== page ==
Protect yourself from spiralling debt; act now!
13th January 2011
During the course of 2010 more than 3% of UK adults sought debt advice from debt charities, debt management companies and trust deed operators. Some experts are predicting around 1.7 million families may seek external debt advice in 2011. As recently reported, the number of Scottish trust deeds is predicted to increase significantly this year as personal finances continue to tighten in response to the current economic squeeze.
Despite these high figures it is common knowledge that a huge number of individuals who are struggling to manage their debts do not seek advice. This is a very human response; most of us want to pay back our debts and will do everything that we can for as long as we can to try to do so. Debt experts warn however that such an approach can be extremely dangerous. Often debts can increase significantly during this period, which can lead to a reduction in the number of debt solution options open to the debtor when they finally do seek advice.
In this article we will look into the eight major warning signs that anyone worried about their debts should look out for. If one or more of the following eight factors apply to you, it is strongly suggested you seek out a trusted source of debt advice before the problem escalates.
1. You’re using a credit card to pay your mortgage or rent
A recent announcement from the housing charity Shelter, suggested around two million people have used their credit cards to pay their mortgage or rent in the past year. This amounts to about 6% of UK adults, and represents an increase of 2% over the course of the past year. Using a credit card to pay your rent or mortgage is a fundamental warning sign your finances are dangerously out of control. The payment of housing costs is considered to be a fundamental requirement to be prioritised over and above other types of debt payment. Help should be found quickly to deal with the underlying problem before a debt spiral sets in.
2. You’re using credit cards to pay for utility bills or food shopping
It should also be taken as a fundamental warning sign if you regularly rely on credit cards to pay for your gas, electricity, food shopping or petrol. Like housing costs, utility bills and food costs are fundamental needs which should be taken into account before considering repayments for unsecured debts such as bank loans or credit cards. An individual in debt may make their repayments just after the date they receive their monthly wage. For some people this leaves them with insufficient cash to pay for essentials such as food and heating, hence further credit is used. This is the start of a debt spiral where debts grow at an ever increasing rate over time, often with disastrous consequences further down the line.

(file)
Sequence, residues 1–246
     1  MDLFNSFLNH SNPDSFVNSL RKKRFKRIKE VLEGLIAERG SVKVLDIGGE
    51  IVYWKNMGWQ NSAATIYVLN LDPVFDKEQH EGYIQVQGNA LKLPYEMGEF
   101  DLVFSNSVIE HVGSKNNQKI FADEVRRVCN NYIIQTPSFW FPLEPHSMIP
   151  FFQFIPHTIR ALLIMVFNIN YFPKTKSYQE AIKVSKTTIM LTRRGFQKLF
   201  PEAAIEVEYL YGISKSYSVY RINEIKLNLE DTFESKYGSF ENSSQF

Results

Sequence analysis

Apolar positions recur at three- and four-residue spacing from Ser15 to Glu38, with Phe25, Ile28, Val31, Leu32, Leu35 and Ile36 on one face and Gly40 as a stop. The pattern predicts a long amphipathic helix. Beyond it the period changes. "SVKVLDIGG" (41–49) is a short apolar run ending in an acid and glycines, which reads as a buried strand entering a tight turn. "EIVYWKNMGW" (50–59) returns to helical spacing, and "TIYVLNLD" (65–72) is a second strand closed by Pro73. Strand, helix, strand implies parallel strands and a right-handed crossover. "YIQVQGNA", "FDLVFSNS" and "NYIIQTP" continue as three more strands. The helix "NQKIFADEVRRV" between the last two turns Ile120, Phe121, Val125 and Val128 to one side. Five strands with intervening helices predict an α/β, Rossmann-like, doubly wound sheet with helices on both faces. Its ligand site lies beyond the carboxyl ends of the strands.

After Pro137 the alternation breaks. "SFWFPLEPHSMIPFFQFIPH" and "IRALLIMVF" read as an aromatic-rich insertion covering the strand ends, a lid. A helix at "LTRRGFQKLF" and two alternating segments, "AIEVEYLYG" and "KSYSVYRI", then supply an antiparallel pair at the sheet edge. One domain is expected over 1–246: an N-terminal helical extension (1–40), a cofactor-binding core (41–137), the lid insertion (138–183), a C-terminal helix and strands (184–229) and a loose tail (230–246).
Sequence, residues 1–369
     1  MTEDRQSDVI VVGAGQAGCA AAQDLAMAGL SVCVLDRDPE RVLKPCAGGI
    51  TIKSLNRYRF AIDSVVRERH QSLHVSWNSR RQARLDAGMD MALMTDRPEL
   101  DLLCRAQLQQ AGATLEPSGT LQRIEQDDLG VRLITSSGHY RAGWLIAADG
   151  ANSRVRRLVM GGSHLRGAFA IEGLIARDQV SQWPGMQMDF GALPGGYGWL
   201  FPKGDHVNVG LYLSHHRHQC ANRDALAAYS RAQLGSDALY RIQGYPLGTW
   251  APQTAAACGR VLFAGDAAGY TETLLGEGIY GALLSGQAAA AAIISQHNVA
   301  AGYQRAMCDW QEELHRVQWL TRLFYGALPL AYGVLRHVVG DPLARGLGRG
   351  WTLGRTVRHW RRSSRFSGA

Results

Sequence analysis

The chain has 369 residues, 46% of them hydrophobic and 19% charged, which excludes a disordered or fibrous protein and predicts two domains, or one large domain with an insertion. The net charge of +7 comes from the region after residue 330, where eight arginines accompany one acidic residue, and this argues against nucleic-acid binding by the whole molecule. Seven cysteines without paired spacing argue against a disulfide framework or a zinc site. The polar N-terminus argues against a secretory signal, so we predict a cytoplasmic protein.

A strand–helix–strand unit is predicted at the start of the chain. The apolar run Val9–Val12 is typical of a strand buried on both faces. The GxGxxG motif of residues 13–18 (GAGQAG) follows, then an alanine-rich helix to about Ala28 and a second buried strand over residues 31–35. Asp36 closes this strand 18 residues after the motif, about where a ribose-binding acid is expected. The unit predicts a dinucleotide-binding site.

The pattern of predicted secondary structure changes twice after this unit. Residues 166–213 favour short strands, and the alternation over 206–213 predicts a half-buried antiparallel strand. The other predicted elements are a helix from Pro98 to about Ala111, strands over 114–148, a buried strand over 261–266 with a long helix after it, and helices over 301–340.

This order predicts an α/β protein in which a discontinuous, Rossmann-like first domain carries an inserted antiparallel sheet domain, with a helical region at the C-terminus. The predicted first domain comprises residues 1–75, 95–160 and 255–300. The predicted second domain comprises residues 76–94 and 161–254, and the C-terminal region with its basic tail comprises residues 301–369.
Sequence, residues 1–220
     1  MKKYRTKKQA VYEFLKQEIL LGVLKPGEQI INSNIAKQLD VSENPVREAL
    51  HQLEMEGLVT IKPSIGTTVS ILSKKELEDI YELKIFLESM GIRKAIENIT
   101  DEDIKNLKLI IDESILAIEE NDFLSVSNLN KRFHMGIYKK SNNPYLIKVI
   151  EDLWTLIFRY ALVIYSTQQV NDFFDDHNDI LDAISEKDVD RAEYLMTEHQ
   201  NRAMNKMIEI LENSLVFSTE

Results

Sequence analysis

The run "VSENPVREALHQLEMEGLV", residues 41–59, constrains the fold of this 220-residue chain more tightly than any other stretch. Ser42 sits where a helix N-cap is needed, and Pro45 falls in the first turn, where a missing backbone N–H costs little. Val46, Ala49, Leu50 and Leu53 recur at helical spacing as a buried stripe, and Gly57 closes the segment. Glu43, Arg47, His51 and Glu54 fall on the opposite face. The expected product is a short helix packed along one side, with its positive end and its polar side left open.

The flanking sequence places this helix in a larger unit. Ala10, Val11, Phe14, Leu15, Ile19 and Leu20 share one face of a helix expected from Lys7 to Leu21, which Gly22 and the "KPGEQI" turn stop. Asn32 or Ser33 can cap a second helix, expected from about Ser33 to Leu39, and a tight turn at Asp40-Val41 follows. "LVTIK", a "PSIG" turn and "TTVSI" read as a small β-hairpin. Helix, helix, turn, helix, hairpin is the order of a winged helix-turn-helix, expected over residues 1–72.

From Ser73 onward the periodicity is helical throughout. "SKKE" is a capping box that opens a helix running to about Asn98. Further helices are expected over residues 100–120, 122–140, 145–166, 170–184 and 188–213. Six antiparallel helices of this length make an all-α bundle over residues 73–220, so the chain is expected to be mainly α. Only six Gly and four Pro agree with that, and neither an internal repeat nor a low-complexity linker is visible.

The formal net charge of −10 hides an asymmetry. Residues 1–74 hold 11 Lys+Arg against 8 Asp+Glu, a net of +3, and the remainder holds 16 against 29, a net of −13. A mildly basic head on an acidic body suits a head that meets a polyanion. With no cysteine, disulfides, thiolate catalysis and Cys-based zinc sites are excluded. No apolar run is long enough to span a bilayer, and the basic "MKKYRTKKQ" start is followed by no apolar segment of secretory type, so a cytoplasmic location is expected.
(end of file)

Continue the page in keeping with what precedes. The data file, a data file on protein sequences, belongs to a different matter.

3. Your bank current account is getting out of control
When trying to manage their overall financial situation many people find they are exceeding their overdraft limit. Others find themselves forced to make regular requests to extend their overdraft limit. Both of these factors indicate a “hard core” level of debt has been established, which is at best being managed but seemingly impossible to clear.
4. You cannot transfer your debts to a cheaper source of credit
A logical step for anyone with tight finances is an attempt to move their finances to cheaper sources of credit in order to balance their books. Transferring credit has become more difficult in recent times as lenders look to protect themselves from non-payment. In general the public has become aware of this fact, and the amount of debt transferred in this way has halved over the past two years. If you have tried and failed to transfer to cheaper types of credit then this is a definite sign that the lenders are concerned with your ability to repay the debts. This may be to do with credit rating problems; however it is just as likely that they are concerned with your ability to manage your overall debt levels.
5. You’re still paying for last Christmas, let alone this year’s